But this shame has no validity beyond my own insecurities. During my teenage years back in Montclair, my brother and I were close with a pair of Jewish kids in town, Emily and her brother Daniel -- the Silvers to our Solomons. There was no denying that they were Jews. They had no tree and no presents on Christmas morning. They belonged to the more conservative synagogue in town and spoke more Hebrew than we were forced to learn. Nevertheless, every December we four would take a secret journey up the hill to see the most extravagantly decorated homes in town -- listening to Christmas music the whole way. They, too, loved Christmas as much as we did.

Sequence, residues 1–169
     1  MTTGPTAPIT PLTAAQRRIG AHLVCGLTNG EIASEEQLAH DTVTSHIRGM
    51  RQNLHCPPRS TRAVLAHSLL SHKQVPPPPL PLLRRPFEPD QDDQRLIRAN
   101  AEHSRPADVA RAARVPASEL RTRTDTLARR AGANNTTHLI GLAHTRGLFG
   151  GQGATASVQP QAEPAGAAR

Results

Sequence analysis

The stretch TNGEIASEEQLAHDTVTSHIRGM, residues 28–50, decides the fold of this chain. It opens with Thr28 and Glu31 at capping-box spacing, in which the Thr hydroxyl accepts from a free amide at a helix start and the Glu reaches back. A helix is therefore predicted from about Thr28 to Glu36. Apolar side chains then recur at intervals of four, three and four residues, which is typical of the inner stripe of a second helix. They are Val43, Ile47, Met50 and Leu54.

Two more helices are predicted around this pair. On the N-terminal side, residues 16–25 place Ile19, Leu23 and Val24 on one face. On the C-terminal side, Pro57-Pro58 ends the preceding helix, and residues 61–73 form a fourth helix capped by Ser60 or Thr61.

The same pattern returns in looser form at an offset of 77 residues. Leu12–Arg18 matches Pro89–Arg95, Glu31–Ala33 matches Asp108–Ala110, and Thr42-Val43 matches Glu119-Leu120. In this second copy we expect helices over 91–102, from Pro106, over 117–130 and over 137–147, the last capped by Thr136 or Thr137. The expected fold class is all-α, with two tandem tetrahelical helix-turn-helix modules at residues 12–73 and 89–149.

Now when I think back to those wonderful nights singing "Mele Kalikimaka" outside those glowing mansions, it gives me peace. It helps me understand why so many of my Jewish friends feel this way, conflicted about a holiday that shouldn't belong to them but does. We see Christmas in America for what it is. Beyond that synthetic commercial exterior it's a time of joy and happiness, one of community and brotherhood, one of celebration and family. Hanukkah is the Fourth of July of Jewish holidays, not its Christmas, and we shouldn't have to use it as a substitute. Rather, we should honor Hanukkah for what it is while learning to love Christmas in our own ways. For me, that is taking time out of my busy schedule to shower my family and friends with love -- be they presents or sweet tidings. It still hurts when friends attempt to balk at my Jewishness this time of year, but deep down I know I can love Christmas and still call myself a Jew. Dan and Emily understood that. In fact they still talk about my giant bow to this day.